The time of intelligent change
In view of the projected investment in research, it is interesting to look at some of the forecasted areas of AI development. Note the most recent report by the analytical company Gartner on AI. Here are a few examples. According to Gartner, within the next few years, IT systems will be able to make autonomous economic decisions. By 2020, a staggering 5 percent of the world’s economic transactions will be carried out with the use of installed software algorithms with the capacity to draw conclusions from data sets entered into computers. According to Gartner, by 2018, an astounding 20 percent of business content and information will be authored and published by computers. We are therefore referring to intelligent or nearly intelligent processing of data in various categories. Speaking of which, note the market presence of the companies which even today offer systems that autonomously convert data into reports that are meaningful for humans. One of them is Yseop, a provider of a service that may soon revolutionize the jobs of accountants, stock exchange analysts, business strategists and managers. With the help of a simple interface, the user may enter numbers, charts and infographics into a computer. A machine then will automatically compile, collate and process the data. Even today, the Associated Press agency relies on computers that autonomously create reports that are then used by its journalists. Their quality is very high and only some need to be edited by humans.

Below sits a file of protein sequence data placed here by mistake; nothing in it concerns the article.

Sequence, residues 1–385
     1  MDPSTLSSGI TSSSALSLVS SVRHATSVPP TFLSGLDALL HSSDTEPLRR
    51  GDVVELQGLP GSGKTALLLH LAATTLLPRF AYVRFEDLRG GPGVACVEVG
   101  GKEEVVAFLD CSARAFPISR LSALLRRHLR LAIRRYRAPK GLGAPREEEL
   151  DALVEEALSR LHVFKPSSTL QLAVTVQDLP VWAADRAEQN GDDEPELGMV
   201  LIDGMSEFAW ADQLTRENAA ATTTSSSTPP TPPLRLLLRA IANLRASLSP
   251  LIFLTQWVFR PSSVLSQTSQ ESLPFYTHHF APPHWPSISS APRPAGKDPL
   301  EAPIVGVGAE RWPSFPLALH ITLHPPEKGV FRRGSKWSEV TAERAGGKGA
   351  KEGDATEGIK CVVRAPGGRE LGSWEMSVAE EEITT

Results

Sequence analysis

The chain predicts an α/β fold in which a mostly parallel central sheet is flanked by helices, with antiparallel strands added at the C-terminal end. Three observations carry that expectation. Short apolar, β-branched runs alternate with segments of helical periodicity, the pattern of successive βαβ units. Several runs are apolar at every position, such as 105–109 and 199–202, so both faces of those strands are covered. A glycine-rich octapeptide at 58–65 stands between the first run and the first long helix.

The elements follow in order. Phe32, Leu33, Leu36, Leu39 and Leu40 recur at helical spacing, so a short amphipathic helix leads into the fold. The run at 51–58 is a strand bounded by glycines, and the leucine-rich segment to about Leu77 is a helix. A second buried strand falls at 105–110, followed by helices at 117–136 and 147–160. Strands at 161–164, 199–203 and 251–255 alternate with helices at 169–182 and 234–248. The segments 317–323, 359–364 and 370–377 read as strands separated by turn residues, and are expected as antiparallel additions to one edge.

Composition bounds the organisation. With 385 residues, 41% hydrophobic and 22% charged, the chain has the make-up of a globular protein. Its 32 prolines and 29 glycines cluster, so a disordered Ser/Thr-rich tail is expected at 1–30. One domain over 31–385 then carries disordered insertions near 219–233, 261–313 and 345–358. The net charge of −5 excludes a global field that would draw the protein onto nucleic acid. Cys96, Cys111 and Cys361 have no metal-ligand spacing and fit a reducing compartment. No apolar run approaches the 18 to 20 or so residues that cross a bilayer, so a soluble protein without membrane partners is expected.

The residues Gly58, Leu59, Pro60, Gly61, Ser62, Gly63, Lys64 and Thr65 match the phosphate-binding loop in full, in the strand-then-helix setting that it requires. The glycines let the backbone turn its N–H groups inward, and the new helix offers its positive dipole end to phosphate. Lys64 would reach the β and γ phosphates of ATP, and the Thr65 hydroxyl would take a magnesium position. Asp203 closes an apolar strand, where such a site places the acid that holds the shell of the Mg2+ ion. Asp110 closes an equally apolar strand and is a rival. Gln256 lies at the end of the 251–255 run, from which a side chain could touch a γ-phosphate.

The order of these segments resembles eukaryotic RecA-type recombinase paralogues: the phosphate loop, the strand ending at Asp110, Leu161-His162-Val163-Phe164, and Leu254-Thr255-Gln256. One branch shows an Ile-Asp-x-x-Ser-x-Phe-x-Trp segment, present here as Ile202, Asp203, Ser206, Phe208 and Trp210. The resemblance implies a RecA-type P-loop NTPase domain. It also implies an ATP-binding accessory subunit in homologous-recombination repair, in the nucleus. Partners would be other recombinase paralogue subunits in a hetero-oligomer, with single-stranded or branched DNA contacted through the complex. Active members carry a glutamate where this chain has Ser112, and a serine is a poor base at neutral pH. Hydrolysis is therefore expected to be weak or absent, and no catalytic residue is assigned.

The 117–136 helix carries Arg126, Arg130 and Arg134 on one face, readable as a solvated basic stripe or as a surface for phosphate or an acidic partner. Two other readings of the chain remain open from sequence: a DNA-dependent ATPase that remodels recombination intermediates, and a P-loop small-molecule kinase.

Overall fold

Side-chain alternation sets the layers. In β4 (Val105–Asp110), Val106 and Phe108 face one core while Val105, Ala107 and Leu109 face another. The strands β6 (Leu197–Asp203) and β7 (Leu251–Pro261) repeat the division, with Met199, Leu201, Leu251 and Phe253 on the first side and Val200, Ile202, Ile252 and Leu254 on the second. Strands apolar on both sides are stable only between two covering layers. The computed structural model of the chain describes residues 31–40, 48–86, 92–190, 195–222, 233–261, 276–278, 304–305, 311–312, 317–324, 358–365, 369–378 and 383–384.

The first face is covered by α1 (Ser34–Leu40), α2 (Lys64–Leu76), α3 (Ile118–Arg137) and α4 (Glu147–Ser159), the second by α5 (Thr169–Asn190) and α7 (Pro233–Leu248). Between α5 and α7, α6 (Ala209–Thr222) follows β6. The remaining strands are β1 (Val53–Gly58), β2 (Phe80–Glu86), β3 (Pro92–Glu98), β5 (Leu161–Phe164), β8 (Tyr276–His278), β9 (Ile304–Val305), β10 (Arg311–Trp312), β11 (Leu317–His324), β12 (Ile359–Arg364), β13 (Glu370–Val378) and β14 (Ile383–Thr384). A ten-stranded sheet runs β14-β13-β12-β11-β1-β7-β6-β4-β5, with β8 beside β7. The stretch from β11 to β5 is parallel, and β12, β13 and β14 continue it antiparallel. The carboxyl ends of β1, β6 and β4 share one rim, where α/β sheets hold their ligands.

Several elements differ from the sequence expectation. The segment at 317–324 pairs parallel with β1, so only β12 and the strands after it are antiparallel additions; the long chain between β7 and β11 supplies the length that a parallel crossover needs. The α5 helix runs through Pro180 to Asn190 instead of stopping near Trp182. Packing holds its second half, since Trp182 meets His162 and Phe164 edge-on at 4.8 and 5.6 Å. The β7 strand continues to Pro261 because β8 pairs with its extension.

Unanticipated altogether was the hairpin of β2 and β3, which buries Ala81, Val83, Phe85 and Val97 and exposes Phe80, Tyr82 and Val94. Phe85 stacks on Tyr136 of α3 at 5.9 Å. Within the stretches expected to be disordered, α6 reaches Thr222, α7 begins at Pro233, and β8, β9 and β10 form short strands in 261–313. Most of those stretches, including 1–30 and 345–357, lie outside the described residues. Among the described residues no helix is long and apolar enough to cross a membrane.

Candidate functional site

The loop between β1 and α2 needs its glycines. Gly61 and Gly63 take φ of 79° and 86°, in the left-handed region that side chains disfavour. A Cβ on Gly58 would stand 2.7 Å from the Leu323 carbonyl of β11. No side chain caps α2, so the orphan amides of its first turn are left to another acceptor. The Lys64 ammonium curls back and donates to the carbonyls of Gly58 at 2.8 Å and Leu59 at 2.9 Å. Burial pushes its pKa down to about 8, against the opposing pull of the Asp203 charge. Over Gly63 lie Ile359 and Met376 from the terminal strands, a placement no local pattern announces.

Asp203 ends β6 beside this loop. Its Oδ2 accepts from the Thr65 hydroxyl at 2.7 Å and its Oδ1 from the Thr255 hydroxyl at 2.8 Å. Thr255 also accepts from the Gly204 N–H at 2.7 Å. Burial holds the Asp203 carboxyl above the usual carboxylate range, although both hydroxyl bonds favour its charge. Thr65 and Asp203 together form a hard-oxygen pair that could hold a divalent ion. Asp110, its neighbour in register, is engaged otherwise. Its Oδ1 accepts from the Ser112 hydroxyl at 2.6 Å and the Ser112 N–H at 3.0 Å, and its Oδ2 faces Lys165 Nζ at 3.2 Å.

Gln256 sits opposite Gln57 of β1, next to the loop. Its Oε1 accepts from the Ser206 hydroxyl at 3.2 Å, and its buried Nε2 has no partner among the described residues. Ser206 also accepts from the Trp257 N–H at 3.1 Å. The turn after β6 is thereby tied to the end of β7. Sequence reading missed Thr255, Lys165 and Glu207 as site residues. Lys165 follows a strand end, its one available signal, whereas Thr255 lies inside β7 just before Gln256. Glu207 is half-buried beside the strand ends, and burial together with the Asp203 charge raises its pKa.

Machines take to science